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Sunday, July 09, 2006 

Some Interesting Reading

It's the middle of summer, hotter than Hell, and I'm sick. Wonderful. I spotted a few legal articles this weekend that are worth a read. I won't go into them too deeply, mainly because I'm hopped up on cold medicine and will probably write an incoherent post.

Howard Bashman has this interesting analysis of the possible split of the Ninth Circuit over the protests of some of its judges...
Sen. Arlen Specter, R-Pa., the chairman of the Senate Judiciary Committee, recently expressed his support for pending legislation to split the 9th U.S. Circuit Court of Appeals into two smaller circuits. Specter's support makes it more likely than ever that the proposal will be favorably reported from the Judiciary Committee to the full U.S. Senate, where the legislation is certain to also gain the support of a majority of senators.
This is long overdue. Regardless of what I think of the Ninth's political bent to their decisions, it's just too freaking big to operate as a unified court. Carve it up like a Thanksgiving turkey.

Pepperdine law professor Douglas Kmiec takes on the current view that it is the Kennedy Court, not the Roberts Court. Kmiec thinks that Kennedy is not just the "new O'Connor"...
In writing her down-to-earth lyric for the court, O'Connor was pragmatic; Kennedy, as an explorer of the spatial heavens, was poetic. Commentators, including myself, would occasionally express frustration with O'Connor's balancing tests that only she could apply, but at least she decided the particular ‚— and often sensitive ‚— case before her. Kennedy's writing, while rhetorically eloquent, can be as maddeningly ambiguous as the abstract poetry of Dame Edith Sitwell or the art of Jackson Pollock. Having taught law for more than 20 years, Kennedy sees all kinds of potential permutations and is quite content to let them percolate unresolved ‚— like provocative questions posed during an academic seminar.
Of all the lines penned about Justice Kennedy and his jurisprudence, I think this may be my favorite...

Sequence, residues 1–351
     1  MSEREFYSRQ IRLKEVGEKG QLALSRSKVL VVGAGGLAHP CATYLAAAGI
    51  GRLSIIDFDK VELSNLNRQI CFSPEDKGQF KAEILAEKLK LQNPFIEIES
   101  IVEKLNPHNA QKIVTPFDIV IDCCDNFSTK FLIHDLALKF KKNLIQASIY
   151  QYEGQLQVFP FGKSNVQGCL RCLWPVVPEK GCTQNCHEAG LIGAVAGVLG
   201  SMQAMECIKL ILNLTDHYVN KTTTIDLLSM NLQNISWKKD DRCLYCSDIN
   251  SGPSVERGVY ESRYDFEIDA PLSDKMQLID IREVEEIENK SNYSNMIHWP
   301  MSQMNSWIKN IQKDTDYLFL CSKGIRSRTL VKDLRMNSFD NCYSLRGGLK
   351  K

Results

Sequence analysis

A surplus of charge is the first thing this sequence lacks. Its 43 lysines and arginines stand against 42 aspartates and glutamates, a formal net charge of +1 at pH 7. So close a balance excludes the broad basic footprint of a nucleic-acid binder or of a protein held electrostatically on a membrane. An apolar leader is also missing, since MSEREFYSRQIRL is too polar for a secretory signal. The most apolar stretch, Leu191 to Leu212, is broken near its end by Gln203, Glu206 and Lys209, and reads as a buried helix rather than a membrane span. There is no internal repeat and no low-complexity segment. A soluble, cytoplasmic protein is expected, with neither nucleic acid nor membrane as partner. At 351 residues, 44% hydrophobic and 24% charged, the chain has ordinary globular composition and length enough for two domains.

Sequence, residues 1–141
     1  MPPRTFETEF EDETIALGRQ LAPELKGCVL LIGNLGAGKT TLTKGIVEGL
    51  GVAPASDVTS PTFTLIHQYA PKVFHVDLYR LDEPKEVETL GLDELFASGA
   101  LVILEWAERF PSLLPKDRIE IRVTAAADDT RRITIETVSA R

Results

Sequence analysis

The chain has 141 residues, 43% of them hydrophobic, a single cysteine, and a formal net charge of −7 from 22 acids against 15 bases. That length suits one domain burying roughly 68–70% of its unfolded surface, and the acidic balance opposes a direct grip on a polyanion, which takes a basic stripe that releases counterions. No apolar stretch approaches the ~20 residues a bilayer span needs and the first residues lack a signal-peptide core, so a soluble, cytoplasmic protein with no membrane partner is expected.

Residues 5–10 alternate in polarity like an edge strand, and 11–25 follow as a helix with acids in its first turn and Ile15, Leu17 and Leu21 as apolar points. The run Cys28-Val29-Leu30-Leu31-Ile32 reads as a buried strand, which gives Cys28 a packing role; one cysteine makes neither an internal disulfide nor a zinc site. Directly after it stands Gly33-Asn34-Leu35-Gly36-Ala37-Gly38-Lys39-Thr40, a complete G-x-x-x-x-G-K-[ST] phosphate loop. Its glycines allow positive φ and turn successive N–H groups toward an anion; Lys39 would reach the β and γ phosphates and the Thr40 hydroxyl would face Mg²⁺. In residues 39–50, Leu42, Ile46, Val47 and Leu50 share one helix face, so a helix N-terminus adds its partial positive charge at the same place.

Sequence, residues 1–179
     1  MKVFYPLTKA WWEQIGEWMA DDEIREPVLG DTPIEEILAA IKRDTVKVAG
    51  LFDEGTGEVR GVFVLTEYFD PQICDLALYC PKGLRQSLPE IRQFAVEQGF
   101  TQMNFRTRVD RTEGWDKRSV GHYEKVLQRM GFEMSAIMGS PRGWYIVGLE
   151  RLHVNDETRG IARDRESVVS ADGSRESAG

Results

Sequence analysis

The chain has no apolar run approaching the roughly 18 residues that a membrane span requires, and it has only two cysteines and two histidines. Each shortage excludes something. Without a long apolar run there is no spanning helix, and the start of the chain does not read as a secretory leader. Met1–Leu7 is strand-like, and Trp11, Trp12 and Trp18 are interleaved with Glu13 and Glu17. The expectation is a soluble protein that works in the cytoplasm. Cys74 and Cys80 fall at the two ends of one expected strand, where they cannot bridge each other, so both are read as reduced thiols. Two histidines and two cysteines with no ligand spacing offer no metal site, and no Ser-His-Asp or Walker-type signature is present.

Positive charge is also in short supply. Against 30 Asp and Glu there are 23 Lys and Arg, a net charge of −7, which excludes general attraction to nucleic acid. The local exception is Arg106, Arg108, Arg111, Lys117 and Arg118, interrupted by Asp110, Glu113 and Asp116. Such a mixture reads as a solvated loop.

Kennedy as a solo act poses the perennial Father's Day dilemma: You know the old man needs something, but darned if you can put your finger on it.
That's spot on. Prof. Kmiec thinks that the Court belongs to neither Kennedy nor Roberts. It's at an open minded phase. I'm not sure if I agree, but one term doesn't provide a lot to work with as far as analysis.

Last and certainly least in my heart is Adam Cohen of the New York Times with his whiny editorial complaining about Chief Justice Roberts. He thinks that Roberts has abandoned the judicial modesty approach that many, including Prof. Cass Sunstein, thought Roberts would take. Cohen accuses Roberts of blatantly ruling in favor of Republicans and conservative interests, focusing on the Rapanos and Gonzales cases. Matthew Franck rebuts Cohen here...
Maybe such a view could be sustained if Cohen were to supply legal arguments why a judge should adhere to the deference principle in Rapanos but not in Gonzales. But he doesn’t even try. Instead we get slogans, epithets, and Hyde Park soapbox oration. Scalia’s opinion in Rapanos was “stridently anti-environmentalist,‚” you see. We know the Corps was reasonable because “four justices agreed with‚” its view. In the Oregon assisted-suicide case, on the other hand, we had former AG Ashcroft trying to ‚“invoke an irrelevant federal statute‚”‚—irrelevant because Adam Cohen says so. Roberts would have ‚“overrul[ed] the voters” of Oregon and “intrud[ed] on state sovereignty.‚” Bad things to do, if no good ground exists for doing so. But no legal commentator thinks these are principles that trump all other possible grounds for decision-making. (We‚’ll see whether Cohen objects if his beloved Justice Kennedy puts together five votes in the next few years to bless gay marriage over the wishes of the voters in the ‚“sovereign‚” states.)
I get the feeling that Cohen's love for federalism is very fair-weather. Speaking of "his beloved Justice Kennedy", don't think that this line from Cohen didn't get past me...
The Roberts court's first term was not radically conservative, but only because Justice Anthony Kennedy, the swing justice, steered it on a centrist path.
Let the tempting of Tony Kennedy continue.

Time for more Comtrex.

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  • I'm Steve
  • From Milwaukee, Wisconsin, United States
  • "There is only one basic human right, the right to do as you damn well please. And with it comes the only basic human duty, the duty to take the consequences." P.J. O'Rourke
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